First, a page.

Friday, January 25, 2019

Visitation Academy Middle School Social Studies Program 

The Middle School Social Studies program is a four-year program designed to guide student-historians from an elementary grasp of history and the social studies to mature understanding. Upon graduation, our students are prepared to engage in the critical analyses of texts that will be required of them in their high school history classes. As a further component, all students regularly read current news articles. Fifth and sixth grades receive age-appropriate news magazines, while seventh and eighth grades read a national newspaper of their choice. Students respond to the news in writing and discussion. 

Fifth Grade 
Students are asked to begin sorting the events of American history into a firm timeline, and to begin to recognize events’ causes, connections, and effects on subsequent events and the future. 

Sixth Grade 
Students continue to develop skills in sorting and analyzing events, focusing on the Eastern Hemisphere. Coursework covers the dawn of mankind through the modern age—a true sweep of history!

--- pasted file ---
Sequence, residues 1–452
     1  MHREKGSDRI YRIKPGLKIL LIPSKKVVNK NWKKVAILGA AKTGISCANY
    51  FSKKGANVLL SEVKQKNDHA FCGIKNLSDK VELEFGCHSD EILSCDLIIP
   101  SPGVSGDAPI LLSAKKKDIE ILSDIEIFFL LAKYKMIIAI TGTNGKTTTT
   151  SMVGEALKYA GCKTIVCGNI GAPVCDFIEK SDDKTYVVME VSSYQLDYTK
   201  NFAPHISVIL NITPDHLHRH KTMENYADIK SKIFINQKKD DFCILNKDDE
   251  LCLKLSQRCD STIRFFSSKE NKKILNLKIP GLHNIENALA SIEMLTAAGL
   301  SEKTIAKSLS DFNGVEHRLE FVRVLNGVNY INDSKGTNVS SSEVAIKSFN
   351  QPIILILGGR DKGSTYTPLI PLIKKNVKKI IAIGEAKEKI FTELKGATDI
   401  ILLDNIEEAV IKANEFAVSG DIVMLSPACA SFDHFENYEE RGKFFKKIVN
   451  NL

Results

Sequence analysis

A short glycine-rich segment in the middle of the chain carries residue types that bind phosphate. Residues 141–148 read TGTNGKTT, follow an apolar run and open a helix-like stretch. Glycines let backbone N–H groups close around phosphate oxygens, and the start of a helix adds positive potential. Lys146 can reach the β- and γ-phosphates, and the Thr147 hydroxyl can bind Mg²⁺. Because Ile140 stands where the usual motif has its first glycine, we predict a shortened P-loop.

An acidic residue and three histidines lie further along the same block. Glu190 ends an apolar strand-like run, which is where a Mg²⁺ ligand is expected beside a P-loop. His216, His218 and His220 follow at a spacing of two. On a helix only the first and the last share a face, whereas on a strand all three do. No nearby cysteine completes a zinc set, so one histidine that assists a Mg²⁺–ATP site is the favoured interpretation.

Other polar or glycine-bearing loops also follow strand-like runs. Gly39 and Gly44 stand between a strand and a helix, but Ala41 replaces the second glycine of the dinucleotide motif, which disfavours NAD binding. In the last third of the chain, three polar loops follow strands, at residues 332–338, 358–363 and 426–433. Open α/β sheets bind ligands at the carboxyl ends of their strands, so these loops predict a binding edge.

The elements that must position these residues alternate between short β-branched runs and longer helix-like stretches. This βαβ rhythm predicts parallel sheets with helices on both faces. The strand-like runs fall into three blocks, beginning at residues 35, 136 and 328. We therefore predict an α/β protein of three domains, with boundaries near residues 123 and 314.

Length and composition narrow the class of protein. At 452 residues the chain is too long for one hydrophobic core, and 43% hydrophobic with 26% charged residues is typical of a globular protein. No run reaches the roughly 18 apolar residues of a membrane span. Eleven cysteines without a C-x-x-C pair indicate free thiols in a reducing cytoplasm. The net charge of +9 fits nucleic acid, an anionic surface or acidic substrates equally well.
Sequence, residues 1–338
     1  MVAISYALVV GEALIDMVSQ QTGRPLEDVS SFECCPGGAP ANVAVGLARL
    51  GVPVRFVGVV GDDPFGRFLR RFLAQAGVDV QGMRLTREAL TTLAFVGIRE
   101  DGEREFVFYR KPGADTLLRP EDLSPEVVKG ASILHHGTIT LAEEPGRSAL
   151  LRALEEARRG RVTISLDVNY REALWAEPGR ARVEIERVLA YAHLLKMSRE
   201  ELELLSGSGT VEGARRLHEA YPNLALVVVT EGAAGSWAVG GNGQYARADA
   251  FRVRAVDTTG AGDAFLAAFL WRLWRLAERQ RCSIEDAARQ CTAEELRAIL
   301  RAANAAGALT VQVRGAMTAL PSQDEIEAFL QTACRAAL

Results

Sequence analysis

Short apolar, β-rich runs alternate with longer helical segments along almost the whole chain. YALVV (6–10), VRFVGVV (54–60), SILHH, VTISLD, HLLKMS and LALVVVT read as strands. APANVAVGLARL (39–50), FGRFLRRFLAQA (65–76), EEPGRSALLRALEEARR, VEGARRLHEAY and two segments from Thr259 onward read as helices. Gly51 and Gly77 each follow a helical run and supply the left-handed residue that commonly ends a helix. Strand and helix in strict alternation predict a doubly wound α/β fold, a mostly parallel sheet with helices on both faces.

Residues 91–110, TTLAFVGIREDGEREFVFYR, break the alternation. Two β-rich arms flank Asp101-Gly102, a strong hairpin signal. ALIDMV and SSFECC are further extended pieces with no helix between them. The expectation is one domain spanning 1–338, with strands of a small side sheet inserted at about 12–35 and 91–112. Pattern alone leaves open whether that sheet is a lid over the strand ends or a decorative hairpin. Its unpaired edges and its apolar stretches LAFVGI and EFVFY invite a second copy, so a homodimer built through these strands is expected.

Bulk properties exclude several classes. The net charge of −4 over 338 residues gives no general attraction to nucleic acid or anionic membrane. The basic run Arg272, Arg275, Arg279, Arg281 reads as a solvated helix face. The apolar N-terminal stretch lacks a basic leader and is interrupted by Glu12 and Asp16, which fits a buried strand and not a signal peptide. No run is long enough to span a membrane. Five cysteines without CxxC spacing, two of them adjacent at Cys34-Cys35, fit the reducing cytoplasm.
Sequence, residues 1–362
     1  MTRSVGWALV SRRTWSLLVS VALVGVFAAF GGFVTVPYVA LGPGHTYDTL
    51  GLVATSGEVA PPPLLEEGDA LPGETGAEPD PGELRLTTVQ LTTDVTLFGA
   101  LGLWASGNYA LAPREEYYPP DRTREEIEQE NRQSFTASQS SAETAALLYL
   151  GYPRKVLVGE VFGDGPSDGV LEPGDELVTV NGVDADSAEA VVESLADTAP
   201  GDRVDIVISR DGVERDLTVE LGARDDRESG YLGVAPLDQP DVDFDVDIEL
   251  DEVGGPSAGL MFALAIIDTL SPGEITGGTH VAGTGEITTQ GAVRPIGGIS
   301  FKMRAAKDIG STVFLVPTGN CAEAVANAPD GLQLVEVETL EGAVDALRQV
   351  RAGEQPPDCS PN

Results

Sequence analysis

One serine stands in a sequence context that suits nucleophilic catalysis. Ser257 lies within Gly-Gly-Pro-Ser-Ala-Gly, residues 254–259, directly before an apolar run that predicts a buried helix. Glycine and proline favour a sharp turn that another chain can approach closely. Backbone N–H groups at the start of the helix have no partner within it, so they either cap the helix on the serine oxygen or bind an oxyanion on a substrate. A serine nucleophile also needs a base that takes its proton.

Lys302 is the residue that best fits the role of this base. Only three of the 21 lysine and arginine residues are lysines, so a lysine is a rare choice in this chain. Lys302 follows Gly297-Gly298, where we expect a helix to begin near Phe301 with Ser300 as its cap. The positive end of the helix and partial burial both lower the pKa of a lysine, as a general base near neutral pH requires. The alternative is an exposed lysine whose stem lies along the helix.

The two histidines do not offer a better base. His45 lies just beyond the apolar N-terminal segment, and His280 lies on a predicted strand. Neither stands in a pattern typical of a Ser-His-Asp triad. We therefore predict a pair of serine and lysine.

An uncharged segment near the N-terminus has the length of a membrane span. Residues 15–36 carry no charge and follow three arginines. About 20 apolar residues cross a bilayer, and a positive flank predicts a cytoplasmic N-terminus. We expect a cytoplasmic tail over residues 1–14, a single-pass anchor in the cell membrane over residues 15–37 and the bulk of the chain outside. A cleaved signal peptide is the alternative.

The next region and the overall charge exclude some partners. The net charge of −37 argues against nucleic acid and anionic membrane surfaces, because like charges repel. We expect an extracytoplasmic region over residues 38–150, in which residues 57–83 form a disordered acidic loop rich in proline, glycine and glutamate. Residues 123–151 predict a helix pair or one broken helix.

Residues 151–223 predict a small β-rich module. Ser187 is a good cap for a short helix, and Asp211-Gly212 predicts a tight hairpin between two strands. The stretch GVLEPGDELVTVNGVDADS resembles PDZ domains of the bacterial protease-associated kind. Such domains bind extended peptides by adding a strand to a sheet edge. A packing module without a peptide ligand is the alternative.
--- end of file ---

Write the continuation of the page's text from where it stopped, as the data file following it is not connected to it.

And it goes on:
Seventh and Eighth Grades 
Seventh grade examines American history from the period of its First Nations up to the Civil War and Reconstruction eras, while eighth grade continues the study of US history from post-Civil War Westward Expansion through to contemporary times. Both seventh and eighth grades begin a more critical investigation of historical events, expressing their deeper understanding through the writing process, developing skills in constructing effective arguments based on strong theses. Seventh and eighth grades also regularly consult primary source documents, a practice begun in the lower middle grades. 

Thursday, December 6, 2018

Grade 7: American Revolution

What really happened when Washington crossed the Delaware on Christmas night, 1776?

Emmanuel Leutze (American, born Germany, 1816)
Washington Crossing the Delaware, 1851


John B. Cameron (American, born Scotland, c.1828)
Washington Crossing the Delaware: on the evening of Dec 25th, 1776, previous to the battle of Trenton, 1876 (published by Currier & Ives after the Cameron painting)

Students examine the two images, Washington's recollections, an excerpt from the Journals of the Continental Congress, and soldiers' diaries, to determine the events that preceded the surprise attack on the morning of December 26 that led to an important Patriot victory. Go Patriots!